Monday, November 29, 2010
At 240 Calories A Bottle, Coca-Cola Gets It
This morning I was astonished to see that Coca-Cola Classic had put the calorie count of the beverage on the bottle, very prominently. One 20 ounce serving is a full 240 calories. It’s sugar water, not health food, and by giving you the calorie count they are telling you that they know that. It’s a message that, together with the ingredient label, says, “I’m not going to try to fool you - I am an unhealthy indulgence. Buy me if you want.”
In doing this, Coca-Cola continues to show a mastery of branding that is nothing short of amazing. They are accused of peddling junk food, and there they go admitting it. Emblazoning themselves with the evidence.
I can’t think of any other brand even remotely as smart as this one. They understand their flagship brand so well that they’re not threatened by health food activists, concerned parents, or sugar-busters in the least. Their target audience is going to buy the soda regardless of the calorie count. So there isn’t any need to deceive.
Coca-Cola sells a lot of products. The brown fizzy sugar-water for which they are famous is only one of them. I’d like to see them sell organic food, which they may never do. But the bottom line is, they are on the cusp of a movement that will become standard for every brand in America and the world. And that movement will be about transparency – in terms of ingredients and operations – to the greatest extent possible. As long as they are honest about what they do, in effect giving people a choice of buying or not buying, I think they are ethical.
This is the opposite of what many people think about companies like them. Companies that are accused of promoting obesity, nutritional deficiency, labor exploitation, the objectification of people, a culture of superficiality, environmental toxins, you name it. People say that these companies are inherently “bad.”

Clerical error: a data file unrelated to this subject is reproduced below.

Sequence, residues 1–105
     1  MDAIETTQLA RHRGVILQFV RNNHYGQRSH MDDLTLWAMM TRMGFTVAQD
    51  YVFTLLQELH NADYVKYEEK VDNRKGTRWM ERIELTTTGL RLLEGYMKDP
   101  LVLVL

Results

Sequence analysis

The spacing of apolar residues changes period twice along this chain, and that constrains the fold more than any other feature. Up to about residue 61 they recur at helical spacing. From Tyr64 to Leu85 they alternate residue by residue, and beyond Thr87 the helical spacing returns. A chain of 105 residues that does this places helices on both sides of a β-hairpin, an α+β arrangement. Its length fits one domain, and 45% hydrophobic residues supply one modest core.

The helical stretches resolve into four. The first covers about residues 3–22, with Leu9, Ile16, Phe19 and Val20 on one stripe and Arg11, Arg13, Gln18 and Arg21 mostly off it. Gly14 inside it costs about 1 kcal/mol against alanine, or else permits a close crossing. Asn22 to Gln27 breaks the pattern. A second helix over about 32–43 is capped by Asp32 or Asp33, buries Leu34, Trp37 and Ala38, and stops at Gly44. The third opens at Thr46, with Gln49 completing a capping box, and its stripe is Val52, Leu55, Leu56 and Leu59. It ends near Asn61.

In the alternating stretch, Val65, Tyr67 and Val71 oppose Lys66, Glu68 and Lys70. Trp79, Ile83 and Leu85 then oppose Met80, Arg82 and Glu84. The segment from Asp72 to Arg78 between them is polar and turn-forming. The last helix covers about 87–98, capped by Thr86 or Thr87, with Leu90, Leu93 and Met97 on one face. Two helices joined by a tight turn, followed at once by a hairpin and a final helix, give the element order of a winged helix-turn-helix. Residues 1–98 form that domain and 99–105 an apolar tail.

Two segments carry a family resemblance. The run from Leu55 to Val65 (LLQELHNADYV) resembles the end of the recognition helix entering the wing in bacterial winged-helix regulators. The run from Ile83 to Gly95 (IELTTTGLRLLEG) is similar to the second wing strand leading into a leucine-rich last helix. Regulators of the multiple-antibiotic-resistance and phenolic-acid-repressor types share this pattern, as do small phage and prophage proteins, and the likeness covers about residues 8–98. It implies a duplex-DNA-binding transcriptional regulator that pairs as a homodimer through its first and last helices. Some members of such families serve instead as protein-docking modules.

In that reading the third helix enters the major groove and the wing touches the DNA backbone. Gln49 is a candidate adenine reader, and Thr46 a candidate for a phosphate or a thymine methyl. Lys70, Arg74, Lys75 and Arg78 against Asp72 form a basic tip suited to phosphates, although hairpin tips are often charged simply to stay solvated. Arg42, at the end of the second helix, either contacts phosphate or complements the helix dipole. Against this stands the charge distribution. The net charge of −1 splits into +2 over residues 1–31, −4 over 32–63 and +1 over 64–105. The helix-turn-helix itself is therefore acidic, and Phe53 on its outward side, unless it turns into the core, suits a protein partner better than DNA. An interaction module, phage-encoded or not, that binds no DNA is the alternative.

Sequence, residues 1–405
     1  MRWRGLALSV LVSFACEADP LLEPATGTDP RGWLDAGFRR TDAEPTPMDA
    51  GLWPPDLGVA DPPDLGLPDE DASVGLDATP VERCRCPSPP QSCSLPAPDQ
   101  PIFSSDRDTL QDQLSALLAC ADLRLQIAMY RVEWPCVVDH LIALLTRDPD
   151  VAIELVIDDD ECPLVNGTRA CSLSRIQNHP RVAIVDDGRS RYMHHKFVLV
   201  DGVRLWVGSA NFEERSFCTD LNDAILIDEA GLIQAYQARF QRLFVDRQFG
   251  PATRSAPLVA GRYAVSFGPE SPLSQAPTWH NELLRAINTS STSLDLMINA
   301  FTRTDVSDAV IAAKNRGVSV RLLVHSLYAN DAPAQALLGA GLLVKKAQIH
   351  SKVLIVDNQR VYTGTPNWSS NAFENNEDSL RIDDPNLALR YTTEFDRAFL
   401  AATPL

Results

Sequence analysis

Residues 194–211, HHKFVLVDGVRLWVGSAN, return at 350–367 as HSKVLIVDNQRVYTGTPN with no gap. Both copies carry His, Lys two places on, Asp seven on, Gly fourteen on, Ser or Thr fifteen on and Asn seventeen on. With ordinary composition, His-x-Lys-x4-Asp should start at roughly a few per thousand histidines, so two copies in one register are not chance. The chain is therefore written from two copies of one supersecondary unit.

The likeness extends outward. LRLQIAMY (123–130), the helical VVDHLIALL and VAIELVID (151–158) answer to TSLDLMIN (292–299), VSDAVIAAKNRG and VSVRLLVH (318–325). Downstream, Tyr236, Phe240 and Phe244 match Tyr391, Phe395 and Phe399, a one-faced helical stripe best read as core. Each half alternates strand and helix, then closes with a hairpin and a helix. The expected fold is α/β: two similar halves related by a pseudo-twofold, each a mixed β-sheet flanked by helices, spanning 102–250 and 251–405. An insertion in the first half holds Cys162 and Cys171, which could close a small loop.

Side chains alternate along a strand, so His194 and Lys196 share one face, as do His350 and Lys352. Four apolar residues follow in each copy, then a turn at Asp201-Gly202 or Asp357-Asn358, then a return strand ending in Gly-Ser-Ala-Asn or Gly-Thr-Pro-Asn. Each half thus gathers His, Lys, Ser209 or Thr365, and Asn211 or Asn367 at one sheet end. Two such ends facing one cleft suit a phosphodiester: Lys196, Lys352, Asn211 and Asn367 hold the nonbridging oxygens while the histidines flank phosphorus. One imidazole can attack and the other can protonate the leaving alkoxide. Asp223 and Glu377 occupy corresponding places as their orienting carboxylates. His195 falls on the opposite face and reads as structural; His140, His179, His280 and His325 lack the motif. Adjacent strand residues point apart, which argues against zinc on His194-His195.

I completely disagree.
Brands give us what we want. They give us what we pay for. Vote with your pocketbook and you will get something else. If we are getting all of the above, then we are the ones at fault.
Taking this a bit further, I disagree with the premise that emotional branding (or marketing an image in order to obtain a premium price) is inherently bad, either.
People don’t just spend money in order to survive. They also spend money to support the images they have in their heads. They spend money to create an identity. They reward themselves by buying things. And they distinguish themselves from other people through spending.
All of these activities, and more, are accomplished by buying brand names.
The fact of the matter is, people need brands. The human mind requires an outlet. Fantasy, imagination, and choices – even those that are deemed culturally unacceptable – are important to one’s health and even one’s spiritual development.
Some people are concerned about the fact that brands exploit your fantasies to make a buck. Well, that is true. But as long as you, the customer, willingly go along with that scheme, I don’t see the harm.
Coca-Cola freely admits that fantasy and memory association is the basis of its brand. That is probably how they have the confidence to admit that they’re selling sugar water in a fancy bottle and associating it with so many American cultural icons that to dislike it is almost un-patriotic. Think about it: Coca-Cola is woven through religion (Santa Claus), art (Norman Rockwell), sports (football-Mean Joe Green), and more.
Oddly, I don’t even like Coca-Cola, or any kind of soda, usually (except diet cherry, of either Pepsi or Coke, which I admit is pretty good, though it gives me sugar cravings). When I haven’t had it for awhile, it actually looks disgusting. Yesterday I had to dispose of some, actually, and as I poured it out I saw the brown liquid filling the sink bowl and grimaced. I wondered how anyone could put that garbage down their esophagus.
But a world without the choice to drink that junk would be a world much worse off indeed. Nobody wants the food police to dictate what they can and can’t eat.
Branding is just a tool, not an instrument of harm in and of itself. If you, as a brand owner, sell a good product at a fair price, treat your employees well, pay your taxes and give charity to the community in some way, that is about as spiritual as a functioning economic system can get.